Flobbadobs, what do you mean by If you took your child out of high school at this age how long did you give them before deregistering? - it sounds rather as if you are considering HE as a punishment (e.g. if you don't buck up your behaviour, we'll deregister you).

I'd suggest that you should probably listen to the niggling feeling. You could deregister him now and say that you'll see how it goes for Y8 - this time next year you can consider if he wants to go back into school again (or to go back for GCSE years or whatever). It often helps people not to think that this is a permanent decision.

Flobbadobs Sat 18-May-13 18:28:26

Sorry I've been out all day!
I don't mean it as a punishment at all, just wondering if people in my position would see the school year out or deregister sooner and give him until September when his sister goes back to school to get high school out of his system.

SDeuchars Sat 18-May-13 18:59:25

If he is that unhappy, I'd take him out now and not worry about doing anything formal until September - give him time to get it out of his system.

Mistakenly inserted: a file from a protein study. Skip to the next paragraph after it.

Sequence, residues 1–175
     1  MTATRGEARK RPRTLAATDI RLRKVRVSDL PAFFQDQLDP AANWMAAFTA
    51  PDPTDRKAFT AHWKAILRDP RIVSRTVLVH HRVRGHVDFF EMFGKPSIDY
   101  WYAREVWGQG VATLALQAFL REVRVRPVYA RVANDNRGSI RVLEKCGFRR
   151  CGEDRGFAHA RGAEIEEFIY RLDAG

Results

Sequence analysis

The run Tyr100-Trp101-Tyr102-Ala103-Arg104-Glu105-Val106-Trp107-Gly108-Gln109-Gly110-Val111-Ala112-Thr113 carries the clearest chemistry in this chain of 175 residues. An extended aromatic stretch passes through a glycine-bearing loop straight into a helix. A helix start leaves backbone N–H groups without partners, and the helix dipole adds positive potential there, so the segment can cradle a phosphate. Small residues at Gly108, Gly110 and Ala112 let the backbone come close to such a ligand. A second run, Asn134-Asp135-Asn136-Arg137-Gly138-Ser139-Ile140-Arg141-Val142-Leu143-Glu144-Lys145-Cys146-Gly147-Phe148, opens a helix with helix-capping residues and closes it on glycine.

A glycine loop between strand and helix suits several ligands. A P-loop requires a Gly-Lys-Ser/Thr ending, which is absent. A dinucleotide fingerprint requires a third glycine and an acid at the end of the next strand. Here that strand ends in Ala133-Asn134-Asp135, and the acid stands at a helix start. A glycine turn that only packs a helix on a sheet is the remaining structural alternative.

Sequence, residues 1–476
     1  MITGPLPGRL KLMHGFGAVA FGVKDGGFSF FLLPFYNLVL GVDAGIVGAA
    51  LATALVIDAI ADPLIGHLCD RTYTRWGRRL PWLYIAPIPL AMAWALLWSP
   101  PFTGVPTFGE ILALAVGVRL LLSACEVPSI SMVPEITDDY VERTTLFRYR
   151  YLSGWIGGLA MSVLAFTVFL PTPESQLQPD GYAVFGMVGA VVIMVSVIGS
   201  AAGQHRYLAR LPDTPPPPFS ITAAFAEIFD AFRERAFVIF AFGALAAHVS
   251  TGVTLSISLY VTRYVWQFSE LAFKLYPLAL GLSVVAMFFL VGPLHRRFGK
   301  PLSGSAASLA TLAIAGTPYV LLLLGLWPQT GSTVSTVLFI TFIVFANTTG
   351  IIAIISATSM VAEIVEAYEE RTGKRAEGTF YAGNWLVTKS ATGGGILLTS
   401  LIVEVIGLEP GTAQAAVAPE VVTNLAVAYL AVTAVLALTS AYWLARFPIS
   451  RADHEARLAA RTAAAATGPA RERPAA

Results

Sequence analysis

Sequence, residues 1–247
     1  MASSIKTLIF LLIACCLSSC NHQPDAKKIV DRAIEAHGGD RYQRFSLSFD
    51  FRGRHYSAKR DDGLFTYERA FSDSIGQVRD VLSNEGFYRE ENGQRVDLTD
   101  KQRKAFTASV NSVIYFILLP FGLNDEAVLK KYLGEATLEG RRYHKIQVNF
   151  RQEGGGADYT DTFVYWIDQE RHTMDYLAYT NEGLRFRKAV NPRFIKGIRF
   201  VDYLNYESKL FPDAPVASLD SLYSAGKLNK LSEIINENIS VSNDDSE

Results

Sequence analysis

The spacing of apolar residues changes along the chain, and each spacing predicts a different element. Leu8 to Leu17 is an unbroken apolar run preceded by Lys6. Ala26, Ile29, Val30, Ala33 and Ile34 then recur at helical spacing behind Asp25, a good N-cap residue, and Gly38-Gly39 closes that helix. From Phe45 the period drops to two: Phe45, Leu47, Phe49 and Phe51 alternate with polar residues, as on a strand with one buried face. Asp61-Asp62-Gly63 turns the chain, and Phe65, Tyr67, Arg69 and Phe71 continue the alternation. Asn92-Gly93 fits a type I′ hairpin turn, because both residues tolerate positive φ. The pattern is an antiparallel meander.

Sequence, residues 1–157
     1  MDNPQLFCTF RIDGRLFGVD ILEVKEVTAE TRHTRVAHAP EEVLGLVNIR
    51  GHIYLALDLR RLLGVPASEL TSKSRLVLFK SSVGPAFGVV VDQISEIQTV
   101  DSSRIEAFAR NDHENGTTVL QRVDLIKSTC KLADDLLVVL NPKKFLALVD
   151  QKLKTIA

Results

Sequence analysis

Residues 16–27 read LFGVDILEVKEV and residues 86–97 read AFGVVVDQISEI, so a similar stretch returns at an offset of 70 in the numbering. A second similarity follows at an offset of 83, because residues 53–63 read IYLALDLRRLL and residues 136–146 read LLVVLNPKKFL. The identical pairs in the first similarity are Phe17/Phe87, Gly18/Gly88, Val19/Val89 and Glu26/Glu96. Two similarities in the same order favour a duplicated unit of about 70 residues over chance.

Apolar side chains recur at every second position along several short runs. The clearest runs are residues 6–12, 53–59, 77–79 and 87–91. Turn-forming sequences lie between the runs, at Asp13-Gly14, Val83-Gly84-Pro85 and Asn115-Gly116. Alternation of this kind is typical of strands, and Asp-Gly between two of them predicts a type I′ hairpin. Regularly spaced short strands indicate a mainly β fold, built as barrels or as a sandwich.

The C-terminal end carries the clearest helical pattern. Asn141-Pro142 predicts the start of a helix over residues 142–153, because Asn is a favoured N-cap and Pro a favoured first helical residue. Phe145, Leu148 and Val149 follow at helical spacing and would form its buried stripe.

ToffeeWhirl Sat 18-May-13 21:32:55

I deregistered my DS1 when he was 12. He tried really hard to integrate into secondary, but it was overwhelming for him and made him ill. Deregistering gave him the time to recover and gave us, as a family, time to get over the stress of his experience at school.

It's a really scary thing to do, so I sympathise with how you are feeling now. However, once you have done it, you feel such relief. We deregistered DS before the summer holidays, so he had a long time just relaxing and not even thinking about schoolwork.

Nine months later, to my astonishment, he is thinking about going back to school, although it will be a very different school to the last one. This time off has done him so much good. I have made sure he kept up with basic subjects, such as English, Maths and Science, and we have also been able to concentrate on all sorts of other things that were important to him.

I deregistered DS1 in July. I felt as if the sky would fall in, but in fact I had really lovely emails from his teachers at school, wishing us all the best.

Just follow your gut instinct, op. If you feel it's the right thing to do, just do it. Don't wait until September.

Flobbadobs Wed 22-May-13 13:11:23

Sorry its been a few days, have been processing things in my head...